Spinal muscular atrophy (SMA) is a form of motor neuron degeneration that usually starts during foetal development and is one of the most common genetic causes of infant death.
SMA is currently incurable and as yet there are no effective drug treatments available. SMA is caused by mutations in the survival motor neuron (SMN) gene resulting in reduced SMN protein levels. On the basis of the age of onset and the severity of the disease, four clinical subtypes have been described. The most severe form, type 1 SMA, is a devastating childhood condition also known as Werdnig-Hoffmann disease or “floppy baby syndrome” which is
generally fatal by three years of age.
Professor Azzouz’s team is in the final stages of developing a gene therapy aimed at restoring the missing SMN protein. This therapeutic approach was first developed and proven by Azzouz and colleagues to ameliorate the disease phenotype in animal models. The team has now optimised their carrier system using a self-complementary adeno-associated virus (scAAV9) that crosses the blood brain barrier and allows fast, robust and long-lasting gene transfer.
The group has demonstrated that a single intravenous injection of scAAV9-SMN rescues the lethal phenotype in the established SMNΔ7 mouse model of SMA and leads to a robust increase in survival of the SMNΔ7 mice from 14 days to more than 300 days. The SMN replacement gene therapy has received orphan drug status from the European Medicines Agency (EMA), and the team is now developing the therapy towards Phase I clinical trials in humans. Plans are in place to finalise safety and toxicology studies to advance the therapy to a first-into-human trial.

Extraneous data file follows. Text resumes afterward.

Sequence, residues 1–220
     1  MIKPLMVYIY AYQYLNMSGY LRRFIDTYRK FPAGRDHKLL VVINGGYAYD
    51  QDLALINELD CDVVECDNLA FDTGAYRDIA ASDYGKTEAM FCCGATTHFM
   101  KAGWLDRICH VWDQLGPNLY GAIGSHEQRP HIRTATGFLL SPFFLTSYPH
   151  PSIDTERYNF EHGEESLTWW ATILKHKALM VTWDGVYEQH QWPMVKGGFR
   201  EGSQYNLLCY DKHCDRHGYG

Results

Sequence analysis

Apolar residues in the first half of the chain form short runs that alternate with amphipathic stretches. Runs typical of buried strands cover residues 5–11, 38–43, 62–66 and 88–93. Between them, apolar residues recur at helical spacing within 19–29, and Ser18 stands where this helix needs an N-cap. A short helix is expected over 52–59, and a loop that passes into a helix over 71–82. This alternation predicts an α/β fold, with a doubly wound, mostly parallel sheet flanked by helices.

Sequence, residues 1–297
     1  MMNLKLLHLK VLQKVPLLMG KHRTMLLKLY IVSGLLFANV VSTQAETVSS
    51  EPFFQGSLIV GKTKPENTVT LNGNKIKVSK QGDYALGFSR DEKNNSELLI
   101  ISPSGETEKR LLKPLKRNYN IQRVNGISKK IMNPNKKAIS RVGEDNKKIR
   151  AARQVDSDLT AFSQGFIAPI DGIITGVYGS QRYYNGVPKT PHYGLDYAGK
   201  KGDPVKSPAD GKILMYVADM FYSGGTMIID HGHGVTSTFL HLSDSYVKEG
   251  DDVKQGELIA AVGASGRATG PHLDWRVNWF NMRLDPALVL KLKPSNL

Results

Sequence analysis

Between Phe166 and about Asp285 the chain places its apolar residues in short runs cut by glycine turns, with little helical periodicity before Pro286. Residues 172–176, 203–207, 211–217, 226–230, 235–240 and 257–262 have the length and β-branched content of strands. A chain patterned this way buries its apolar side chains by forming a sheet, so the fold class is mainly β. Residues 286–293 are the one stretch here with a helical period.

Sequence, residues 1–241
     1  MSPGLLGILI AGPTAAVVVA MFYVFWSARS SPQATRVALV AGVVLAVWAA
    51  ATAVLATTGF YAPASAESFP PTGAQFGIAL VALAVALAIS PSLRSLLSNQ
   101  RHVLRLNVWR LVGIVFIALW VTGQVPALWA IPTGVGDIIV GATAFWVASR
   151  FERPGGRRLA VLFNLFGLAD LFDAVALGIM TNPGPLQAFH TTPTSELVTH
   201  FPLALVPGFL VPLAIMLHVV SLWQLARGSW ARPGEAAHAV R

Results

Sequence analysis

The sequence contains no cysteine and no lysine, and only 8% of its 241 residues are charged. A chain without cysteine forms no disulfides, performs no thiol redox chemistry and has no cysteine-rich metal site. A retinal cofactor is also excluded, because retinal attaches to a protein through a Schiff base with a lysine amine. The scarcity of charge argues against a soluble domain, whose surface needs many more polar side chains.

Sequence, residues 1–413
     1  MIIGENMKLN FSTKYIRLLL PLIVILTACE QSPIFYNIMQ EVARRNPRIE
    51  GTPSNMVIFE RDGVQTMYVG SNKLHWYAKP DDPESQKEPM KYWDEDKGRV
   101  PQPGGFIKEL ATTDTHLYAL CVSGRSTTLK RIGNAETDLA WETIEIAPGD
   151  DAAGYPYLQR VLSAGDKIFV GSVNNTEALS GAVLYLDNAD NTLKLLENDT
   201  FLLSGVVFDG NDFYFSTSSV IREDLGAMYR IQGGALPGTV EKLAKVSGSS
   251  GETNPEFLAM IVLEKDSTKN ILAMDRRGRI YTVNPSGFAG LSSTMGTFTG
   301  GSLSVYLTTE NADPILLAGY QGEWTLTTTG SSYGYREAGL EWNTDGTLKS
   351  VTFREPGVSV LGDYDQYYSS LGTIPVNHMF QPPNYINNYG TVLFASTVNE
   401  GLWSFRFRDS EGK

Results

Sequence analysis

SMN plays a crucial role in pre-mRNA splicing and axonal transport of mRNAs. How exactly SMN deficiency leads to the loss of motor neurons is still unclear. The team is currently investigating gene expression changes using next generation RNA sequencing (RNAseq), as well as axonal transport defects using live cell-imaging to shed light on the disease mechanisms.
The actin-binding protein Plastin 3 (PLS3) has been reported as a modifier for SMA that improves axonal outgrowth in SMN-deficient zebrafish when overexpressed. PLS3 is now being evaluated in the SMA mouse model as a candidate for a neuroprotective gene therapy.